Many thanks to John Crowley for his community-building efforts, including hosting this January 31 event. Thanks also to Kaye Chandler for her ongoing videographic work, keeping the residents of Petaluma informed.
You’ll find much more of Mr. Fish’s work to disturb, enlighten, infuriate and entertain you at www.clowncrack.com.
Read about the Ocean Beach gathering here:
Visit www.RevolutionaryLove.net and join the movement.
Democratic and Republican members of Congress are getting considerable flack from constituents early in the Trump era.
Senator Sheldon Whitehouse of Rhode Island discovered recently that his constituents were none too pleased by his “yes” vote for Mike Pompeo as President Donald Trump’s Director of the Central Intelligence Agency.
Read the Brown Daily Herald’s report on the event here.
Remembering that day in Bowling Green, an event so tragic & horrific we’d nearly erased it from our collective national memory. Special thanks to Kellyanne Conway for preventing this tragedy from disappearing into the dustbin of history.
“That Day in Bowling Green” performed by Nick and Gabe, written by Dave Stinton.
For those moved to do more, consider donating at The Bowling Green Massacre Victims Fund.
Featuring Naomi Klein, Anand Gopal, Jeremy Scahill, Owen Jones and Keeanga-Yamahtta Taylor.
An ebook of the speeches from this event is available for free here:
On inauguration day, January 20, 2017, over a thousand people gathered at the Lincoln Theatre in Washington DC to hear Naomi Klein, Jeremy Scahill, Anand Gopal, Owen Jones and Keeanga-Yamahtta Taylor speak on what resistance should look like in the age of Trump and what kind of positive program we should be fighting for.
The event was sponsored by Verso Books, Haymarket Books and Jacobin Magazine.
ABOUT THE SPEAKERS:
Naomi Klein is an award-winning journalist, syndicated columnist and author of the international bestsellers, “No Logo,” “The Shock Doctrine,” and most recently “This Changes Everything: Capitalism vs the Climate.”
Jeremy Scahill is a founding editor of The Intercept. He is an investigative reporter, war correspondent, and author of the international bestselling books “Dirty Wars” and “Blackwater.” Scahill’s 2013 film “Dirty Wars” was nominated for an Academy Award.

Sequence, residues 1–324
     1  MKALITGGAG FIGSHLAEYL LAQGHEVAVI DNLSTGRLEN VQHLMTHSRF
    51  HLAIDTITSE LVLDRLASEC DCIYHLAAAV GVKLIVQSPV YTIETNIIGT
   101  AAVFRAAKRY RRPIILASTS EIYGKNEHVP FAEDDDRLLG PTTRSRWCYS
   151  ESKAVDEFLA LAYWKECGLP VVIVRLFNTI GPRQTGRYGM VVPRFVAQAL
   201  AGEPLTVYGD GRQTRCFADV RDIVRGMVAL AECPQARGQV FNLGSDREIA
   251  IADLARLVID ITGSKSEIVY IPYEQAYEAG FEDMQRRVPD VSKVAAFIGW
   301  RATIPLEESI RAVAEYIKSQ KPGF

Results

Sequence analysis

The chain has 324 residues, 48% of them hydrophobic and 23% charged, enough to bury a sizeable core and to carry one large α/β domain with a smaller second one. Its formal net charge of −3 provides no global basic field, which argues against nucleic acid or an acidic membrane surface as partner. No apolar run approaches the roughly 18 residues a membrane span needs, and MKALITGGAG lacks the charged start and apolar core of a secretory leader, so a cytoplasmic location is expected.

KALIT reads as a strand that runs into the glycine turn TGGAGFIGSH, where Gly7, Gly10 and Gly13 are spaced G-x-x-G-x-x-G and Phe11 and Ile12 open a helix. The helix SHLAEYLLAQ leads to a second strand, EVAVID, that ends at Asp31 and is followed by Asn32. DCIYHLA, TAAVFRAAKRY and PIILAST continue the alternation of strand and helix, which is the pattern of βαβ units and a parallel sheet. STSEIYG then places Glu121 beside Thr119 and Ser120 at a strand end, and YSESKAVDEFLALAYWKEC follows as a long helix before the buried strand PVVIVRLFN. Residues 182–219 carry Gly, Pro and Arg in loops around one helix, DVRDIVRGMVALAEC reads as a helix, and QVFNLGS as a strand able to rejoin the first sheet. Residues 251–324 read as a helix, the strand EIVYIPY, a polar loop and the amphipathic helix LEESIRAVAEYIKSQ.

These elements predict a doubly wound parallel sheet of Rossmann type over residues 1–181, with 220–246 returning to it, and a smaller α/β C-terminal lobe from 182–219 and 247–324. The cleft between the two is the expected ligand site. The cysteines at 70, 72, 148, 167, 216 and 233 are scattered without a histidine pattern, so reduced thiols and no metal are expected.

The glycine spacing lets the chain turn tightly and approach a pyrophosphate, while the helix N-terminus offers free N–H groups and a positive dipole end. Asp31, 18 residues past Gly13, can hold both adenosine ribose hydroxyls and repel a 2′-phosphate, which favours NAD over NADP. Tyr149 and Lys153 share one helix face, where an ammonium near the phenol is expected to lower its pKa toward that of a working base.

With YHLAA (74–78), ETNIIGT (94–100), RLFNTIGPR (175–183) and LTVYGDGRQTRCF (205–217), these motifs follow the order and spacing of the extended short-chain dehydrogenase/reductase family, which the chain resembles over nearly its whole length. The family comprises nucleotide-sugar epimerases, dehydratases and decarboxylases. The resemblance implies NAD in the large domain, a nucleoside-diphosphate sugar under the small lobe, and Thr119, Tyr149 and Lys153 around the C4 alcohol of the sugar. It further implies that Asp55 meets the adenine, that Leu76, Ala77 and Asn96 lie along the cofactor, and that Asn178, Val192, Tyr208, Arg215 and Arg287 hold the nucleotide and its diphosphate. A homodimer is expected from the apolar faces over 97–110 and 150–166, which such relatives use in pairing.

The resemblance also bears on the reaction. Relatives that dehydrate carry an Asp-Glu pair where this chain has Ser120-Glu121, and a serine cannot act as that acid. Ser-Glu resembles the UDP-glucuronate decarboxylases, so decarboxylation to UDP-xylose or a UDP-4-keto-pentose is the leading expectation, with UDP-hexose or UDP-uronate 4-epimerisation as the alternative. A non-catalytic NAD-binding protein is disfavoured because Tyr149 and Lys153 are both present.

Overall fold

Keeanga-Yamahtta Taylor is an assistant professor in Princeton University’s Center for African American Studies and the author of “From #BlackLivesMatter to Black Liberation,” an examination of the history and politics of Black America and the development of the social movement Black Lives Matter in response to police violence in the United States.
Anand Gopal was Afghanistan correspondent for the Wall Street Journal and the Christian Science Monitor, and has reported on the Middle East for the Atlantic, among other publications. His book “No Good Men Among the Living: America, the Taliban and the War Through Afghan Eyes” was a finalist for the 2015 Pulitzer Prize and for the 2014 National Book Award.
Owen Jones is a London-based writer, commentator and activist. He is the author of “Chavs: The Demonization of the Working Class.”
Visit www.ClownCrack.com for more graphic artistry by Mr. Fish, some of it relatively G-rated like the above, most not.
Courtesy of the Global Digital Citizen Foundation.
For more information, visit the North Bay Community Engagement Fair website.
Please support the Blood on the Mountain Kickstarter campaign.
Visit Clowncrack.com for more Mr. Fish.
Visit clowncrack.com for much more Mr. Fish.
Look for more Mr. Fish toons at www.clowncrack.com.
You can find much more of Mr. Fish’s remarkably intelligent, provocative and occasionally disturbing work at www.ClownCrack.com.
Want more? Visit www.ClownCrack.com.
This conversation between novelist, poet & farmer Wendell Berry (The Unsettling of America) and author Eric Schlosser (Fast Food Nation) is worth viewing in its entirety.
Our focus, notes Berry, must be on far more than fear, guilt and anger over climate change. We must develop strategies built on love.
“We need a broad-fronted economic movement to protect everything that’s worth protecting, to stop damage to everything that’s worth keeping,” said Berry.
“We’ve been talked out of love, mercy, kindness. We’ve got to take those things back.”
Instead of using fear and guilt as motivators, “We all need to find things we love to do, and do them.”
Author, poet, writer and farmer Wendell Berry, in a public conversation with journalist Eric Schlosser, discusses his influences as a writer, his influences as a spiritual person, his connection to Kentucky, the land and more. He begins the conversation with Schlosser by talking about a term he’s coined—industrial fundamentalism—and continues to talk about the agrarian way of life and how to proceed in this new political era.